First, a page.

Galapagos Field Report

February 2007

Local Pilot Training: Aerial Surveillance of the Galapagos Marine Reserve

Sea Shepherd Galapagos kicks off its Direct Action Control & Surveillance (DACS) training program in 2007 by providing USD$5,000.00 to train Galapagos native, Juan Francisco Carrillo, a local pilot to get him one step closer to his commercial pilot's license. This is a requirement of the Galapagos National Park before pilots can provide aerial patrols of the Galapagos Marine Reserve with its Sea Wolf amphibious surveillance plane. Sea Shepherd Galapagos received a letter of appreciation from the Director of the National Park for supporting efforts to provide continued aerial surveillance of the Galapagos Marine Reserve.


Galapagos National Park Amphibious Sea Wolf Class aerial surveillance plane

The Galapagos Marine Reserve (GMR) is the third largest marine protected area in the world and is a declared a World Heritage Site by the United Nations. Recognized as one of seven underwater wonders of the world, the GMR is home to over 25 different shark species and covers an area of 144,000 square kilometers. Aerial surveillance is essential to cover this vast area and protect it against industrial shark finning poachers that continually invade the Galapagos. The surveillance patrols also provide environmental monitoring and search and rescue operations.

"Sea Shepherd has supported the Galapagos National Park control and surveillance operations for the past five years including a donation of a 95-foot former U.S. Coast Guard ship Yoshka (aka Sirenian). Training is an important part of the effectiveness of any control and surveillance operation, and our program not only includes sponsoring courses but we will also look to invite international experts to provide training to the local park rangers," states Sea Shepherd Galapagos Director Sean O'Hearn-Gimenez.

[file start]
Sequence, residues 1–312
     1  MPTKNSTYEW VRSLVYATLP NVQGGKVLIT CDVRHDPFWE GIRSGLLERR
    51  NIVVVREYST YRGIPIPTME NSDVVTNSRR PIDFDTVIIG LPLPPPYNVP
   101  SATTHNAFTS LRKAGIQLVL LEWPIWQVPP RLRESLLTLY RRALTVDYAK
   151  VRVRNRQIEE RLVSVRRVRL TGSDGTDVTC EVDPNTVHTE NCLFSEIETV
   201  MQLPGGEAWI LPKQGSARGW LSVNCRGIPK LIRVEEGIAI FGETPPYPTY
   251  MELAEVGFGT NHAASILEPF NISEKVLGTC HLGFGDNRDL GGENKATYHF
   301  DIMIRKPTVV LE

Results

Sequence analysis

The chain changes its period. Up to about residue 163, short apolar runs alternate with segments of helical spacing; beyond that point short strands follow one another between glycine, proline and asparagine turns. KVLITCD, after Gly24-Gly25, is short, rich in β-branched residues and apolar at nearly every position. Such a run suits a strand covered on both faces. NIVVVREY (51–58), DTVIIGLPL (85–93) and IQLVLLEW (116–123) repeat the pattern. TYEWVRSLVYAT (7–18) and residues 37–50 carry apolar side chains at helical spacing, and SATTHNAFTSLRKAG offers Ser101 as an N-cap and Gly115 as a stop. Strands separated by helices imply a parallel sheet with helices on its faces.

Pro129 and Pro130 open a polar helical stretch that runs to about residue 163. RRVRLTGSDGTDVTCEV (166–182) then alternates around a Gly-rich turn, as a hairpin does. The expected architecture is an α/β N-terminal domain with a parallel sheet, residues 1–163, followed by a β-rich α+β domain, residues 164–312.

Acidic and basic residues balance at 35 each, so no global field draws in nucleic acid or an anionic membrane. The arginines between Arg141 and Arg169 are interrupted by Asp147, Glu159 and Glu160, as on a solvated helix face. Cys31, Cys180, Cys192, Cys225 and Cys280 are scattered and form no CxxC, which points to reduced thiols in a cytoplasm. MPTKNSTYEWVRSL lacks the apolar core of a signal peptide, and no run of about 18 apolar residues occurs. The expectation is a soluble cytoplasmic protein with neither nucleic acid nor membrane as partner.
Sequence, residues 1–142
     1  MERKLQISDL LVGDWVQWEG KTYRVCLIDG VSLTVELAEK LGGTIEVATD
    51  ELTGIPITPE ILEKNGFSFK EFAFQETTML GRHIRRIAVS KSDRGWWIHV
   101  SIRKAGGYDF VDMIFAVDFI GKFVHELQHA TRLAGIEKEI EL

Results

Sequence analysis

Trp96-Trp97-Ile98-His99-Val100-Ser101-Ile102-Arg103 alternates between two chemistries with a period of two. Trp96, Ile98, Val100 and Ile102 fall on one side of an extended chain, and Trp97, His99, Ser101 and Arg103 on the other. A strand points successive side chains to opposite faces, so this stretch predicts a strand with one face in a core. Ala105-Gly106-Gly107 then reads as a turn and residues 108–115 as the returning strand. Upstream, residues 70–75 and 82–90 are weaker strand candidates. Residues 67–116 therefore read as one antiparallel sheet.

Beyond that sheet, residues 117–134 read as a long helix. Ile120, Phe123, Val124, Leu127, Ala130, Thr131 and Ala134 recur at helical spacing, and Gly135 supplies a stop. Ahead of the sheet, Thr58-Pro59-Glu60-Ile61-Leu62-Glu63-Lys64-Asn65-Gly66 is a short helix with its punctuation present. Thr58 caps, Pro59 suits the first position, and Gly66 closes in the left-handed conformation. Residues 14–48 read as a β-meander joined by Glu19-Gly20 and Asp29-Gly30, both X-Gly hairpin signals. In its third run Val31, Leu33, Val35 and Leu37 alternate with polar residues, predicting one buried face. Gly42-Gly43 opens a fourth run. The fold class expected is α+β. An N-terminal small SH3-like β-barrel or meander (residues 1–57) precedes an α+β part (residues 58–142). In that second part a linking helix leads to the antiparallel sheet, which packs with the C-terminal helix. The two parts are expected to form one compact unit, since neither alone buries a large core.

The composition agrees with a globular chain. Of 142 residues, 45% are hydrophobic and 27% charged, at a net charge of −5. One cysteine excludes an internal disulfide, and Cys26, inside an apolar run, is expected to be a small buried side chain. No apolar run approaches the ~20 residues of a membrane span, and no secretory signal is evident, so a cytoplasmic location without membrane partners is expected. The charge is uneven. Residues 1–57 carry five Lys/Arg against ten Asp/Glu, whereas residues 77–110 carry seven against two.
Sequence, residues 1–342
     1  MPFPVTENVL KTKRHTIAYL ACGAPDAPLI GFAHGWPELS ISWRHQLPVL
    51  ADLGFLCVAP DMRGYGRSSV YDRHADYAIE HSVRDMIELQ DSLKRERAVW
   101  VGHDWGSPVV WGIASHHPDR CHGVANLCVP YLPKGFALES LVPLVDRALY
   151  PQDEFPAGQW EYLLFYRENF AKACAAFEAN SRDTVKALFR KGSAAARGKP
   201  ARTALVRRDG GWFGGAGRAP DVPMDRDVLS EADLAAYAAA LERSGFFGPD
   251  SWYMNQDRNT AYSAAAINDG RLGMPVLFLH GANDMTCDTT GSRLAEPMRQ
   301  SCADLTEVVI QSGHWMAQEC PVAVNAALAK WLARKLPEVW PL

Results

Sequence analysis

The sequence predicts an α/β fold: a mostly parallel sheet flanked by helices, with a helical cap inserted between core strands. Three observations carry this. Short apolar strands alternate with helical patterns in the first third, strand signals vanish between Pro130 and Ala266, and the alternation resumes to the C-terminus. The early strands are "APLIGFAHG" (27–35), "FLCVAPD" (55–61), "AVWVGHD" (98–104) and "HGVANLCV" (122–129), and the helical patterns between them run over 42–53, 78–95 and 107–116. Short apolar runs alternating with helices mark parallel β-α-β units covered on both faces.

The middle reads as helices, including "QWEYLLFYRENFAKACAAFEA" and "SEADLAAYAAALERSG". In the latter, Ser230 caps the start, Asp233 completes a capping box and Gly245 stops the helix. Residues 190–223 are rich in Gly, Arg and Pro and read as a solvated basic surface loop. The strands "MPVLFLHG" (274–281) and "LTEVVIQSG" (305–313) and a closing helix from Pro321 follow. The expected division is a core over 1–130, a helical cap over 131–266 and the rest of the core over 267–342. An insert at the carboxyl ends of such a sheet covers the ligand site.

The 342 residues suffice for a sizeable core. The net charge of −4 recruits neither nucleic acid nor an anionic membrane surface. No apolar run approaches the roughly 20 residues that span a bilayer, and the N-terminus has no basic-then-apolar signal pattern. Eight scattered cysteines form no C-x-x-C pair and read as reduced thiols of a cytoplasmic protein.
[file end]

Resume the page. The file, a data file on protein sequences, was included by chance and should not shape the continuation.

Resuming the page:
A major aspect of Sea Shepherd's training program is in helping local residents excel and become effective stewards of the Galapagos Islands. In many instances, there are not enough experienced personnel available in the Galapagos and institutions are forced to hire personnel from mainland Ecuador. The pilot training course will provide a Galapagos resident with classroom theory in topics such as technical regulations, communications, instrumental navigation, meteorology, cabin resource management, basic and advanced instrument maneuvering, flight plans and performance, and also includes over 25 hours of hands on flight time in a Cessna 172 and simulator.

"This is an exciting opportunity for Sea Shepherd Galapagos to help instill environmental leadership in local residents so they can effectively participate and take ownership in the patrolling and conservation of the Galapagos Marine Reserve," states O'Hearn-Gimenez.


Juan Francisco Carrillo waiting for training instructor

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